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Re: [RFC] Design for flag bit outputs from asms

On 05/04/2015 12:33 PM, Richard Henderson wrote:
> (0) The C level output variable should be an integral type, from bool on up.
> The flags are a scarse resource, easily clobbered.  We cannot allow user code
> to keep data in the flags.  While x86 does have lahf/sahf, they don't exactly
> perform well.  And other targets like arm don't even have that bad option.
> Therefore, the language level semantics are that the output is a boolean store
> into the variable with a condition specified by a magic constraint.
> That said, just like the compiler should be able to optimize
>         void bar(int y)
>         {
>           int x = (y <= 0);
>           if (x) foo();
>         }
> such that we only use a single compare against y, the expectation is that
> within a similarly constrained context the compiler will not require two tests
> for these boolean outputs.
> Therefore:
> (1) Each target defines a set of constraint strings,
>    E.g. for x86, wherein we're almost out of constraint letters,
>      ja   aux carry flag
>      jc   carry flag
>      jo   overflow flag
>      jp   parity flag
>      js   sign flag
>      jz   zero flag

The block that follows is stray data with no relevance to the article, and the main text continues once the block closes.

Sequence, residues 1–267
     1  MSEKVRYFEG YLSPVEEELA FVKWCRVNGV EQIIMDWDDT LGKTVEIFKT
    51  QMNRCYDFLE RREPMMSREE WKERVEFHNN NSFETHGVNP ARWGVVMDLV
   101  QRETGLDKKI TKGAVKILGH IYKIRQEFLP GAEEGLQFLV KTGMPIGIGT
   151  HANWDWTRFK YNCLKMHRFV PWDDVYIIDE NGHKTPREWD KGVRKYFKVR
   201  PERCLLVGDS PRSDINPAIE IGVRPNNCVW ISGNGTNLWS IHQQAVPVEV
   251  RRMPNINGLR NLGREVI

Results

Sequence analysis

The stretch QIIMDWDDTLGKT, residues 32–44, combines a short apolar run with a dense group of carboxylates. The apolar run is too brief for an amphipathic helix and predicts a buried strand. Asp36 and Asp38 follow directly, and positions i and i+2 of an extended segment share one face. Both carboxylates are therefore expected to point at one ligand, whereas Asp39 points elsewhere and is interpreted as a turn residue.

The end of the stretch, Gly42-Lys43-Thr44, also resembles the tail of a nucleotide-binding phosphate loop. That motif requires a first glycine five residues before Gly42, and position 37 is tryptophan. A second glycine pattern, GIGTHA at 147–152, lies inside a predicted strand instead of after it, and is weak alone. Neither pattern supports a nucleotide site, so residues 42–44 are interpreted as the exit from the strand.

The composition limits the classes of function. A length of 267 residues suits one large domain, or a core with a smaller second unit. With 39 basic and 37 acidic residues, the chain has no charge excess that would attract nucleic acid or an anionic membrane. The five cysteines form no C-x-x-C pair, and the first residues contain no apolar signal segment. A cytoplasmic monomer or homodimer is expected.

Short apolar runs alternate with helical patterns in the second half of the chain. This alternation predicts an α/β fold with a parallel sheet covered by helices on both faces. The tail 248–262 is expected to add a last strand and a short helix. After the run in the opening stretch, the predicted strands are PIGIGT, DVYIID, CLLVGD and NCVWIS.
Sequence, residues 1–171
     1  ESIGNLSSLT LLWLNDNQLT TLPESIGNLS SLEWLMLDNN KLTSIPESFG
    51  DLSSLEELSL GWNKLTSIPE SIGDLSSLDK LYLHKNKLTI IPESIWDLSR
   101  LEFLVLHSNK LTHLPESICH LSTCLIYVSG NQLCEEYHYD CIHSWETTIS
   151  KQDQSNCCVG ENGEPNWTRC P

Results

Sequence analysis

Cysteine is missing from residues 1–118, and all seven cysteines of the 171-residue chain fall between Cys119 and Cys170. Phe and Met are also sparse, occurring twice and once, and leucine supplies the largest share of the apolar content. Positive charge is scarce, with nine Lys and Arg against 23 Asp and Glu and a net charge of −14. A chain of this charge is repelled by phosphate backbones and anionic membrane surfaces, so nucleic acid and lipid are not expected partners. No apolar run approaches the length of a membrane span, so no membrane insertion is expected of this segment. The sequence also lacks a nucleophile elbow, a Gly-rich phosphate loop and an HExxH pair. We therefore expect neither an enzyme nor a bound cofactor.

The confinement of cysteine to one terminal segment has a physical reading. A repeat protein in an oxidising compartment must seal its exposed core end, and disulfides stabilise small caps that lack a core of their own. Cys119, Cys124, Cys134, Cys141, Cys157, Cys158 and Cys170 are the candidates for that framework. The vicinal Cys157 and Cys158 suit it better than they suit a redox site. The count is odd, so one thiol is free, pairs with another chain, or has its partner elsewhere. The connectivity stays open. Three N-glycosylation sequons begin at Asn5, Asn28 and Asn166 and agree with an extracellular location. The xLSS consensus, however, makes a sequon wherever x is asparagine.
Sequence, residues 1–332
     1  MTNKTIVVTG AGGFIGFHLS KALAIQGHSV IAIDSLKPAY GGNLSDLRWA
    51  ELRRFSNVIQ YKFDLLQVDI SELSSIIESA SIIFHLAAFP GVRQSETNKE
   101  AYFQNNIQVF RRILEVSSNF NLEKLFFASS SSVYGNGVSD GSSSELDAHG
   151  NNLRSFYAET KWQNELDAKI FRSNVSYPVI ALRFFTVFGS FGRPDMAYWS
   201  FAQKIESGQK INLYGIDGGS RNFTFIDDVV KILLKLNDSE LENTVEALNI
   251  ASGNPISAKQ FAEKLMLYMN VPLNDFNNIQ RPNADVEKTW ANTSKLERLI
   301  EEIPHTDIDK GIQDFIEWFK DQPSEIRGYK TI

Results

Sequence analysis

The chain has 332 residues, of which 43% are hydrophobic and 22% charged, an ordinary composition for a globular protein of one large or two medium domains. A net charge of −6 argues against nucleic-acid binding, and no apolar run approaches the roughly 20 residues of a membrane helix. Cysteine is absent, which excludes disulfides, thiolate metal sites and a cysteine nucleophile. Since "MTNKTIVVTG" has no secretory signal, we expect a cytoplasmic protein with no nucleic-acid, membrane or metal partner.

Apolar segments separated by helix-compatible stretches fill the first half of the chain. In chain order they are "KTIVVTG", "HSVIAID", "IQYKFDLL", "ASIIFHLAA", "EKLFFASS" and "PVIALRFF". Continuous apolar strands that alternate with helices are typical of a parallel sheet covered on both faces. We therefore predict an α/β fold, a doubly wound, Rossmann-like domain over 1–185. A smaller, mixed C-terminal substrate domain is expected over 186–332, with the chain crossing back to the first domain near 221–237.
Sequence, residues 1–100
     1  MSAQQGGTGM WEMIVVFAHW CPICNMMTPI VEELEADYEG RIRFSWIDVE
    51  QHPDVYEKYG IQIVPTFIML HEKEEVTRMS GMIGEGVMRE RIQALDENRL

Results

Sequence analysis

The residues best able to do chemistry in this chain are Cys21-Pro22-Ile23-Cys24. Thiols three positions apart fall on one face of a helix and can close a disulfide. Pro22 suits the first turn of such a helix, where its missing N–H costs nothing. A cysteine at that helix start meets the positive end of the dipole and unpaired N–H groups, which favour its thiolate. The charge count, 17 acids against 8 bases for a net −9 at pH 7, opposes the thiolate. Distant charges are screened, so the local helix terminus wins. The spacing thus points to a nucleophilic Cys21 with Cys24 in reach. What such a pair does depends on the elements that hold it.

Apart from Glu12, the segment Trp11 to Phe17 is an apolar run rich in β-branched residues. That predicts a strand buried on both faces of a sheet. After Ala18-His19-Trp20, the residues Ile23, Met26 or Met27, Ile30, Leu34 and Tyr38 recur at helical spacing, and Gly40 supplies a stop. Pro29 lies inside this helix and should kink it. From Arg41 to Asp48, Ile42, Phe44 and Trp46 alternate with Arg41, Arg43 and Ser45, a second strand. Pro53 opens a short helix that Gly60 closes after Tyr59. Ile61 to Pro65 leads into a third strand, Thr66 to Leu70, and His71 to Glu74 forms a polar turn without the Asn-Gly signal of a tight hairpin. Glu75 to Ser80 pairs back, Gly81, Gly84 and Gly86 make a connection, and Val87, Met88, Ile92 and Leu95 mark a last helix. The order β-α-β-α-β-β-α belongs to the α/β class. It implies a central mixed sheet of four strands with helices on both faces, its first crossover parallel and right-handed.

I would argue that for x86 what you actually want is to model the
*conditions* that are available on the flags, not the flags themselves.
 There are 16 such conditions, 8 if we discard the inversions.

It is notable that the auxiliary carry flag has no Jcc/SETcc/CMOVcc
instructions; it is only ever consumed by the DAA/DAS instructions which
makes it pointless to try to model it in a compiler any more than, say, IF.

> (2) A new target hook post-processes the asm_insn, looking for the
>     new constraint strings.  The hook expands the condition prescribed
>     by the string, adjusting the asm_insn as required.
>   E.g.
>     bool x, y, z;
>     asm ("xyzzy" : "=jc"(x), "=jp"(y), "=jo"(z) : : );

Other than that, this is exactly what would be wonderful to see.


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